The United States is losing its edge in innovation, and needs to implement strong pro-innovation policies as well as education reform "to maintain its status as the world's most vibrant and productive economy."
That's the conclusion of the latest "Economic Survey of the United States" by the Organization for Economic Cooperation and Development, or OECD, which asserts that "fissures have begun to appear" in U.S. innovation.
"The United States is still one of the most innovative economies in the world, but competition is growing and we need better policies to keep the U.S. at the frontiers of innovation," said OECD Deputy Secretary-General Richard Boucher.
Among the recommendations in the OECD report, the organization asserts that "reductions in the federal R&D budget should be as limited as possible."
"Ideally, funds would be appropriated to continue on the path approved in the 2007 America COMPETES Act of doubling the budgets for three key science agencies within a decade," the report adds.
The OECD also urges federal policymakers to build on the America Invents Act "by ensuring that the legal standards for granting injunctive relief and damages awards for patent infringement reflect realistic business practices and the relative contributions of patented components of complex products."
"Further reforms in the patent law should promote innovation by limiting the possibility to extract disproportionate licensing fees for minor patented functions within complex products," the report says.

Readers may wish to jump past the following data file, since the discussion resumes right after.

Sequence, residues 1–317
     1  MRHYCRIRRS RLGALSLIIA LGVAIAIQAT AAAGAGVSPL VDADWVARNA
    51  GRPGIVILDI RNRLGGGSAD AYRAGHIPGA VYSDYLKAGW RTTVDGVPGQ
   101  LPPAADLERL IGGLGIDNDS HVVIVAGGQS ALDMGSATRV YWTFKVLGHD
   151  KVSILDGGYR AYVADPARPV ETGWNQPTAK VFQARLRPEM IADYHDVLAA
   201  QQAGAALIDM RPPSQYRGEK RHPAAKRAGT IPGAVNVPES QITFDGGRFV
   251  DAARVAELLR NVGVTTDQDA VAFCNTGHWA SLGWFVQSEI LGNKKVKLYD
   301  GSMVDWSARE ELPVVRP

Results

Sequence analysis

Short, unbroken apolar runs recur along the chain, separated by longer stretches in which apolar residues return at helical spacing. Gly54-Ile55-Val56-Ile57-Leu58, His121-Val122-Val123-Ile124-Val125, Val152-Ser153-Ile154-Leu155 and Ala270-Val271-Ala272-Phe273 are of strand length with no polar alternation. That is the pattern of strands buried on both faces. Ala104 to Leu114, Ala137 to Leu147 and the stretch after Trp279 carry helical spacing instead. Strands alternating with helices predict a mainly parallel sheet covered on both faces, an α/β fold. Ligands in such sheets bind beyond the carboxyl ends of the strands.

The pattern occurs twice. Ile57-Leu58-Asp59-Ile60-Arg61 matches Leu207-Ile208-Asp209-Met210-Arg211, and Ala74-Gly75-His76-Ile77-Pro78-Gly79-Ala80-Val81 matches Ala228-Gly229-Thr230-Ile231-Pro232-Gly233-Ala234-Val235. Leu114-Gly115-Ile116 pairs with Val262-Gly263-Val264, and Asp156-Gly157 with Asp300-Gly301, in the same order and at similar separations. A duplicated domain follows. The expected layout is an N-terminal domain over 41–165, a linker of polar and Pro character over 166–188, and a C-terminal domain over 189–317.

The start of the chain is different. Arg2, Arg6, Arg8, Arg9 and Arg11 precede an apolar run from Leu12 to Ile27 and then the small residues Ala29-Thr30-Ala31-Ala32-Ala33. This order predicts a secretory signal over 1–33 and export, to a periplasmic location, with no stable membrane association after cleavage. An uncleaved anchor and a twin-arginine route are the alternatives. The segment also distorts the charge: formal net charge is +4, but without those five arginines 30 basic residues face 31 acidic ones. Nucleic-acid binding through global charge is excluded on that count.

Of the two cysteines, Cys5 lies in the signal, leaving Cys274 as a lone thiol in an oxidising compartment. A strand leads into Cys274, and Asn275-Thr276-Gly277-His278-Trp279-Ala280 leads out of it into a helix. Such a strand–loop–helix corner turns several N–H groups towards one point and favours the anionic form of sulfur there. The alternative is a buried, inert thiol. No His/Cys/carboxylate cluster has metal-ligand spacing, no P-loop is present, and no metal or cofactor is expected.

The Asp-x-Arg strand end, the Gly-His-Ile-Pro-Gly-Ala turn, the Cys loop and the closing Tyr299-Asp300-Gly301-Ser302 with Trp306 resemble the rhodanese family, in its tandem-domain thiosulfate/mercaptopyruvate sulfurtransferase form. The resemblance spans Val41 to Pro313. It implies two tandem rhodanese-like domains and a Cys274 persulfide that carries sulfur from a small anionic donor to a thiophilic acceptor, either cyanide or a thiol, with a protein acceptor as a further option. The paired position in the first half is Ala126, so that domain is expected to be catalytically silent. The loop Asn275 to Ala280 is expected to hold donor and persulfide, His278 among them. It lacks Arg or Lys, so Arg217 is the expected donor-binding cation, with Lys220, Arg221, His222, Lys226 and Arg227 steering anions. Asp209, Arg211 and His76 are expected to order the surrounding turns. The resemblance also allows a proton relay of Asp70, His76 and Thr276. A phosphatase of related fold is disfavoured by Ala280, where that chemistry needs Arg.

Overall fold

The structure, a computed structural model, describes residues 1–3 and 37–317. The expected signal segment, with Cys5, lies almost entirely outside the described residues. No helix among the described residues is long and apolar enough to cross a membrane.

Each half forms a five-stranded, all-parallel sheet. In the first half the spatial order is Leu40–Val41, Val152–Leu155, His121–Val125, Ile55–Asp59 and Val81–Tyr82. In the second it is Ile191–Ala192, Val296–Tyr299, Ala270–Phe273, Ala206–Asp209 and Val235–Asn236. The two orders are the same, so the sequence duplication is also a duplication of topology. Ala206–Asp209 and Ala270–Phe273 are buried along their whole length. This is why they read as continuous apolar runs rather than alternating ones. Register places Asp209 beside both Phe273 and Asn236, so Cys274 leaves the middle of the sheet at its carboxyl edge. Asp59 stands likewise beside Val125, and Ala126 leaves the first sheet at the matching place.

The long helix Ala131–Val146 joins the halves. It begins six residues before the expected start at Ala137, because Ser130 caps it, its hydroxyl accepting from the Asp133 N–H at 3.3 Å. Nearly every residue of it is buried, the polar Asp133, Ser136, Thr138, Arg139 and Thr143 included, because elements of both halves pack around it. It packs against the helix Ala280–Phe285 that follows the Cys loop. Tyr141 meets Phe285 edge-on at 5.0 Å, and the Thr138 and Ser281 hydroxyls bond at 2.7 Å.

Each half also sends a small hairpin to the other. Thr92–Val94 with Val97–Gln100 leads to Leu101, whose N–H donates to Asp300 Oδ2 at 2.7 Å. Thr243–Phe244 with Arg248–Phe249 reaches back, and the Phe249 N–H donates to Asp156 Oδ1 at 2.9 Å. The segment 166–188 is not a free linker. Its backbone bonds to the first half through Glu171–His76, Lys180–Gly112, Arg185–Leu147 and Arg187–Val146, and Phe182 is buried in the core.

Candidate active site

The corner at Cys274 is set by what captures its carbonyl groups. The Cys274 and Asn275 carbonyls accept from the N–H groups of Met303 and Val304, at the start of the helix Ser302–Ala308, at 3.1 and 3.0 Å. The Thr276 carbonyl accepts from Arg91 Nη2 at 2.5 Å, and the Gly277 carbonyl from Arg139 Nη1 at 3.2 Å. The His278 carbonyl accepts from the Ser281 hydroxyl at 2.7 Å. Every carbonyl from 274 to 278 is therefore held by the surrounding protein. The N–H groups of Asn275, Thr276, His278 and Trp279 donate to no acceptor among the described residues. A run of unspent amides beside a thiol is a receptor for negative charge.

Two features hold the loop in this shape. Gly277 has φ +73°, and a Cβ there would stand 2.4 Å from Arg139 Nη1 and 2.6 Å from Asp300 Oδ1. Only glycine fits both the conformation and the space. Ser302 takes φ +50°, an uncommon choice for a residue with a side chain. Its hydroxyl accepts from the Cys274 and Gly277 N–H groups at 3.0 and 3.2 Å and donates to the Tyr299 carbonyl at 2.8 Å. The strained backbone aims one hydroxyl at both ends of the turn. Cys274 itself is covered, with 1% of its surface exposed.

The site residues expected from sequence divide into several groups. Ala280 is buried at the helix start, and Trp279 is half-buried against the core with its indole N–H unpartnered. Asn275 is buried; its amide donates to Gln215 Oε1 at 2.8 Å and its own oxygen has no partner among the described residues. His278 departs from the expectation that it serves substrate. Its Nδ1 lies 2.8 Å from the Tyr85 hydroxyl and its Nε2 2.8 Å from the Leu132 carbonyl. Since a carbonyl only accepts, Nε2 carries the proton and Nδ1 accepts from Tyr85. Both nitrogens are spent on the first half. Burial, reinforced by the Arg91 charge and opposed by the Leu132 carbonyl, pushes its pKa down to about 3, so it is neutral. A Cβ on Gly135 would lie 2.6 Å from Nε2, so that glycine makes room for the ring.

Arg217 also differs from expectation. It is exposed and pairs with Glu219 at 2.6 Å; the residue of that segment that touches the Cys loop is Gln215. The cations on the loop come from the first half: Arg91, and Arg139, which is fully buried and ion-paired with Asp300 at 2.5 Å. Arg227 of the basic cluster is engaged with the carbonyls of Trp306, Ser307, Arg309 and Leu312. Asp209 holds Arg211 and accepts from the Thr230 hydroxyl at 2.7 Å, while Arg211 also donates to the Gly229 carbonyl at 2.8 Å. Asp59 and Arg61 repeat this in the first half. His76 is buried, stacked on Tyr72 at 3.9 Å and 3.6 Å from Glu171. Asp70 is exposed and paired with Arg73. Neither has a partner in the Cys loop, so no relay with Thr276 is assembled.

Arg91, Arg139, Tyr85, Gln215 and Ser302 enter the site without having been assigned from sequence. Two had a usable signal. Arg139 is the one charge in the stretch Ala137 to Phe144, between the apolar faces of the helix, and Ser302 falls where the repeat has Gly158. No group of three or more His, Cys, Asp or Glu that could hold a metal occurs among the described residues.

Noting that attainment in the fields of science, technology, engineering and mathematics "is essential to provide workers with the skills necessary to become more productive and to adapt to technological change," the OECD asserts that the United States need to reform its education system.
"Attainment in tertiary education stagnated over the past three decades while it grew significantly in almost every other OECD country," the organization says. "Today, 22 out of 30 OECD countries have more graduates in science and engineering among the 25- to 34-year-old workers than the United States."
The report recommends increasing the number of graduates in STEM subjects by giving more students access to high-quality elementary and secondary education.
"States relying heavily on local property taxes to fund public elementary and secondary schools should move to state-level funding to increase the resources and quality of teachers available to socially-disadvantaged students," the report says.
The OECD report makes recommendations in a number of other areas, including how to sustain the economic recovery and how to promote job creation and reduce income equality.
On the job front, the organization suggests developing more return-to-work programs that would "mitigate the risk of long-term unemployment becoming structural."
The OECD calls for immediate implementation of job-training and re-employment programs proposed in the Obama administration's FY 2013 budget.
"Education and training are key to improving skills, reducing mismatches and addressing the problem of slow wage growth," the report says.
"Programs such as 'Race to the Top' and measures to strengthen community colleges are steps in the right direction, but more could be done, such as reducing financial and other barriers to tertiary education and providing vocational training opportunities in secondary school."